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Surgical interventions to affirm cultural and gendered roles in society, such as testicle removal, predate the Western conception of the gender binary and contemporary medical models of gender identity. The first gender-affirming surgical program in Western medical practice is considered to have been Magnus Hirschfield’s Institute for Sexual Science, commencing gender-affirming procedures in 1922.1 Early conceptions of the goal of gender-affirming surgery were to “correct” the external form to a discrete female or male appearance. Surgical intervention was treated as a required aspect of gender affirmation in many contexts, a legacy that continues today as jurisdictions require sterilization or other surgery for name or gender marker changes on official government-issued documentation. Simultaneously, surgery was withheld from the majority of treatment-seeking patients who were deemed poor surgical candidates for reasons that would now be considered inappropriate, such as not being heterosexual in their identified gender. Assessment for gender-affirming surgery has been explored in transgender studies, a field of inquiry whose foundational texts describe the social and medicolegal impact of power relations between medical professionals and transgender and gender diverse (TGD) patients seeking surgery.2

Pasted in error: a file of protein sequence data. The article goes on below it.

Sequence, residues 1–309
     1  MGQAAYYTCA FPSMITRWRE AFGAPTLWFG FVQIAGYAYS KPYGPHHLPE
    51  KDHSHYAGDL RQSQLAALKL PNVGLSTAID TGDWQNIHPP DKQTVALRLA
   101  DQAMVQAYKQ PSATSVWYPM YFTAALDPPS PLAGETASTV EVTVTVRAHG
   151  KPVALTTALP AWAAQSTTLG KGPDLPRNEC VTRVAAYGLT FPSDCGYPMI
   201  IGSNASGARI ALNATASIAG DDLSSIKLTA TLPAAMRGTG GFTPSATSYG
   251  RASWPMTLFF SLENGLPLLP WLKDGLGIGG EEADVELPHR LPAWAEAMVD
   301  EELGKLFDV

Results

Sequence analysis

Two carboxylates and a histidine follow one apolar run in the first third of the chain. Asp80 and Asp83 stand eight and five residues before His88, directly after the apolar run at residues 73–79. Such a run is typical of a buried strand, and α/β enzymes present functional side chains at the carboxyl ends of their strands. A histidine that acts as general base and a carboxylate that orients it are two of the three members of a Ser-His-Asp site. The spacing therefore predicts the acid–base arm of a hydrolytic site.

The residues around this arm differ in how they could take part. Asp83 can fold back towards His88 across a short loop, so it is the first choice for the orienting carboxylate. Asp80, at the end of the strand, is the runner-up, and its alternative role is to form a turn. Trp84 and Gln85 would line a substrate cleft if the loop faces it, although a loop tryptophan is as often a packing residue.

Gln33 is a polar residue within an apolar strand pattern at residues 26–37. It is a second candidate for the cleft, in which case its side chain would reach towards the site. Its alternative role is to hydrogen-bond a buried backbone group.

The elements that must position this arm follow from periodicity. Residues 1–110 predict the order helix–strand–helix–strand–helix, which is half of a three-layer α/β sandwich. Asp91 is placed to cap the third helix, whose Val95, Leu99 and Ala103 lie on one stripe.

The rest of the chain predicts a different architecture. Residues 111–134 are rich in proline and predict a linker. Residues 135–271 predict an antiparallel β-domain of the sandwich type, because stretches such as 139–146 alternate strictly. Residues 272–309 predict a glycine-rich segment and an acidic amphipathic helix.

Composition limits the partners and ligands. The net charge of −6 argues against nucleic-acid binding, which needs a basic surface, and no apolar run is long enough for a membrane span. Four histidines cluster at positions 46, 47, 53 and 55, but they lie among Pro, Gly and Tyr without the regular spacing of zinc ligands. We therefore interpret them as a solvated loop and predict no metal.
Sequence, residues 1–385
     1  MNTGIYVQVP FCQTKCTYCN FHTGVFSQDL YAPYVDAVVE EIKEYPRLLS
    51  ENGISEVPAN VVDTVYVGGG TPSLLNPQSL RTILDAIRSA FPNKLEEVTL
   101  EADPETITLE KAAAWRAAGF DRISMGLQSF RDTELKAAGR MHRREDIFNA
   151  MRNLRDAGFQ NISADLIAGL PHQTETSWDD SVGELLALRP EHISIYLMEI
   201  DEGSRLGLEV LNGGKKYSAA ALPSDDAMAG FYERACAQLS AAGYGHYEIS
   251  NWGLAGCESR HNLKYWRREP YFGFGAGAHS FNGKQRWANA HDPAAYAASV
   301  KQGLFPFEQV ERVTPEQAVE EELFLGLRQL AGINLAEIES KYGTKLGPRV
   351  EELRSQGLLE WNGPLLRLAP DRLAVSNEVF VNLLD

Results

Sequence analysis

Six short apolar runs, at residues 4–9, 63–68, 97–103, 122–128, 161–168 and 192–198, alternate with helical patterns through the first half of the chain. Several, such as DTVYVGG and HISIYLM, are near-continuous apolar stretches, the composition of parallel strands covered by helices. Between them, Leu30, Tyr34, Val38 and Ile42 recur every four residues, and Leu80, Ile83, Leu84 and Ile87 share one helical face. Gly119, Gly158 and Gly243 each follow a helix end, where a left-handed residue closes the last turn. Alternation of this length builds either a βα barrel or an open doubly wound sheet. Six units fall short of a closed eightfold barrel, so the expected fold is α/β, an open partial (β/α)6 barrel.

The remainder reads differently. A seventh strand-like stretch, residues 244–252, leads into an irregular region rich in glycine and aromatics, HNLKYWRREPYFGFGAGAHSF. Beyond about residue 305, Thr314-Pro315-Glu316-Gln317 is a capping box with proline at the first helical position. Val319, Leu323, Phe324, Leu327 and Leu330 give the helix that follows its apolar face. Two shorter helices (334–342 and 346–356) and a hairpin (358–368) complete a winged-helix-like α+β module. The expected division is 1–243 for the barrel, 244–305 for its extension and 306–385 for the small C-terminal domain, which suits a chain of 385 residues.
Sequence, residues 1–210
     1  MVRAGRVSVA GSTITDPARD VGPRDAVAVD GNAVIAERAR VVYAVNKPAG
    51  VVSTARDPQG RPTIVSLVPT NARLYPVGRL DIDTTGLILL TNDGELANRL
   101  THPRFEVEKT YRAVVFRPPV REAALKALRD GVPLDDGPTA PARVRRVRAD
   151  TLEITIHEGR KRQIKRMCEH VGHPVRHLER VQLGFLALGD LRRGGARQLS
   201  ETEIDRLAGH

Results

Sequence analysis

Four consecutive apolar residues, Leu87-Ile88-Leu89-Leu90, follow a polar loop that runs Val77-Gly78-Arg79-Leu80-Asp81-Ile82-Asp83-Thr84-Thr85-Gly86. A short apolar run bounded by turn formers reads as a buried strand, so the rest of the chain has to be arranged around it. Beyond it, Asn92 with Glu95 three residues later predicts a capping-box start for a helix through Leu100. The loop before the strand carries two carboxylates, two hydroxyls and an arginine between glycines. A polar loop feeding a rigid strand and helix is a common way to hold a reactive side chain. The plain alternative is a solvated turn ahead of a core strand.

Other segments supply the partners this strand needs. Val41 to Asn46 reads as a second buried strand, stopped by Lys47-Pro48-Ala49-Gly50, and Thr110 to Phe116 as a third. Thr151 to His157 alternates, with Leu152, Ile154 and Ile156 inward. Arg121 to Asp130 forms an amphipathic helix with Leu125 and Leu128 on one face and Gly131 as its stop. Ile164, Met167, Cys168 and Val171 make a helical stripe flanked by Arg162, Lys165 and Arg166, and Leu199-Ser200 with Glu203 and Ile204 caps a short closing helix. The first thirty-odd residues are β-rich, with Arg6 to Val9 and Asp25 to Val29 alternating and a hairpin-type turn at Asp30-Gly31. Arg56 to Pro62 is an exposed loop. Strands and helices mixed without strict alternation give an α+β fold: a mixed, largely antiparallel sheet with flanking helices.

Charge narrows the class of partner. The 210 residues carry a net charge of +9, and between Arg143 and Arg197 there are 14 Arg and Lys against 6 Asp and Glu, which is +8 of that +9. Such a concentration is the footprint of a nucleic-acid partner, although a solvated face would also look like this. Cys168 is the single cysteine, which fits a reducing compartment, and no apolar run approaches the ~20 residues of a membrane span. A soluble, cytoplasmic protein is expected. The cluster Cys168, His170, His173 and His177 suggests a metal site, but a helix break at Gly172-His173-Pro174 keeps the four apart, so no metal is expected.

As the etiology of gender dysphoria has evolved, we now understand that a process of medical gender affirmation is personalized to the individuals’ needs rather than approximating a singular ideal of “female” or “male” bodies. In turn, this evolving clinical understanding has impacted the clinical framework of gender-affirming surgery, in which the goal is to alleviate the specific source of incongruence for the individual patient rather than correct the body to a cisnormative form.3 In addition to genital surgical procedures, gender-affirming surgery is now available for primary and secondary sex characteristics throughout the body. Meanwhile, expanding funding through health coverage mechanisms has increased access to gender-affirming surgery for populations who seek it.4 A diverse set of surgical interventions is becoming more widely available to an increasingly heterogeneous group of patients. Supporting TGD patients before and throughout the lifespan after surgery in this evolving landscape is an interdisciplinary practice we explore in this chapter.


Although overall improvement in the quality of life has been demonstrated in TGD patients undergoing surgery, there is no inherent need to include surgical interventions as an aspect of gender affirmation.5 In the absence of measures that would plausibly identify specific characteristics of patients who derive greater benefit from surgery, patient request is the ultimate surgical indication.6 Gatekeeping is a term used in TGD care to describe an overly stringent approval process that withholds interventions from patients who do not conform to sanctioned care access pathways or personal gender narratives. The Standards of Care (SOC) put forth by the World Professional Association for Transgender Health (WPATH) state that certain once-commonplace approval processes, such as requiring a minimal time in psychotherapy before receiving biomedical treatment, could inhibit meaningful engagement in care and be counterproductive.7...

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